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Supermarket chain Waitrose is canning plastic shrink-wrap on multi-buy tinned food. Waitrose will be the second UK supermarket to ditch this type of packaging, following a similar move by Tesco in January. 

Multi-buy cans to be sold loose

Shrink-wrap, which is used to bundle cans of food together for convenience, is notoriously difficult to recycle.

The plastic has already been removed from cans of essential Waitrose kidney beans and sweetcorn, with more to follow over the coming months. Most multibuy cans will now be sold loose, while some, such as tomatoes, will move to a recyclable card sleeve. 

Surge in demand for canned goods

The decision comes after a recent surge in sales of long-life goods. During lockdown, demand for canned food rose 2,000 percent. Even now, sales are up 50 percent compared to last year. The removal of shrinkwrap from Waitrose own-brand canned produce will therefore save an estimated 45 metric tons of plastic waste per year.

The chain will also save an additional 4.49 metric tons of waste by removing multi-buy plastic on its own-brand tissues.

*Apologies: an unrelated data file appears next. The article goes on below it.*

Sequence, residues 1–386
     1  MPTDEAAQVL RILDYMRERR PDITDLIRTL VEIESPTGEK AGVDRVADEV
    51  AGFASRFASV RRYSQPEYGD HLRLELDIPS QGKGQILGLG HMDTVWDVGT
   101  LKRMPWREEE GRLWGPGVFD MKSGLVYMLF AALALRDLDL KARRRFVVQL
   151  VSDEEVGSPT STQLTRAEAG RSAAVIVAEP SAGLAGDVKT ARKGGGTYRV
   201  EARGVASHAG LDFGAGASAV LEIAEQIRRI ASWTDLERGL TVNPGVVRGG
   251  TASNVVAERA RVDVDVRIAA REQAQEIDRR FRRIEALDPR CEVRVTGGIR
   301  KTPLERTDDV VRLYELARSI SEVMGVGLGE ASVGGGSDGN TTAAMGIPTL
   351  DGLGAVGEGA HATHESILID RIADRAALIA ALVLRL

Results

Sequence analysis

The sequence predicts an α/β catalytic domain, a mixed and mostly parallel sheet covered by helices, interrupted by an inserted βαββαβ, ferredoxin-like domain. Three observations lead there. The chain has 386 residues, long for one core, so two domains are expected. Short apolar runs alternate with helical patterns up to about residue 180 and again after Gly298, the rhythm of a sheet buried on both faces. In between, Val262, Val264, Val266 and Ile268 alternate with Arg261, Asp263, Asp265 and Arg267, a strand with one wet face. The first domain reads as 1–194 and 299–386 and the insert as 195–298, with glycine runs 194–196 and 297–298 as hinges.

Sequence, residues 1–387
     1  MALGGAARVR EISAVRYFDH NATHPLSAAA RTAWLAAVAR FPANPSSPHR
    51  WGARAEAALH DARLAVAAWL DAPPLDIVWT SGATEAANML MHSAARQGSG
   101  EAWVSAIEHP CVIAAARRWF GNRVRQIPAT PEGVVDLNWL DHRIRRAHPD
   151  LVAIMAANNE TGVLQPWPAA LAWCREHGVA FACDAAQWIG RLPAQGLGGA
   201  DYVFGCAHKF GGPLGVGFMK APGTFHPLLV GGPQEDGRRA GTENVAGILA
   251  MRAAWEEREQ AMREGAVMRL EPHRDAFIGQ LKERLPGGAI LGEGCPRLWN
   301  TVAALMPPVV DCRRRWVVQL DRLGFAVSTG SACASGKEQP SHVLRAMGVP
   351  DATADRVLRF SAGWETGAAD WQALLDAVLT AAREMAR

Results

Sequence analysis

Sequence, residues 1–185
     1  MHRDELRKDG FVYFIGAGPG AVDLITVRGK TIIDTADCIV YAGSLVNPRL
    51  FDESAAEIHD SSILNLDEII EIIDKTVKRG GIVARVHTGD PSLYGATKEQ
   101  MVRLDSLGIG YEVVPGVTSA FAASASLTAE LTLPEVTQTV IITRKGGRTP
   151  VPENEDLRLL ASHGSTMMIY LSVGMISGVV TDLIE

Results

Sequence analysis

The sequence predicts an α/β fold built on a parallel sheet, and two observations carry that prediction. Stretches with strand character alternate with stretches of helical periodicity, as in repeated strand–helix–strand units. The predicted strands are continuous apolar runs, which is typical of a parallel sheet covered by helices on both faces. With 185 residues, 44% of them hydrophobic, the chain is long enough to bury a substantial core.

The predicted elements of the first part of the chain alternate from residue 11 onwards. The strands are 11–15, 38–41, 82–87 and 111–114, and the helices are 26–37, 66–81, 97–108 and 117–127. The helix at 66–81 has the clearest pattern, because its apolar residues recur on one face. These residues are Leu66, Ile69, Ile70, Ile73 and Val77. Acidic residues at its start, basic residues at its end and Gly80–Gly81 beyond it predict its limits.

A step in the right direction

The announcement coincides with UK Recycling Week, which starts Monday, and is part of the chain’s wider plan to phase out all non-recyclable plastic by 2021.

Claire Mitchell, Canned Food Buyer for Waitrose & Partners, said: “Our essential Waitrose tinned food has been selling in record numbers since March and we want to ensure that we can continue to give customers the best quality and value, without passing on the plastic on such popular products.

“Our customers expect us to keep tackling plastic, which includes eliminating single-use shrinkwrap on our multibuys. This is a significant step towards our plan to phase out non-recyclable plastic from all our packaging by 2021.”

Greenpeace campaign

Last month, Greenpeace called on the UK Government to set a firm target to halve the amount of single-use plastic in supermarkets by 2025. 

They have also urged supermarkets to take action. Citing a petition signed by over 2 million people, they highlighted the substantial consumer appetite for more sustainable food packaging.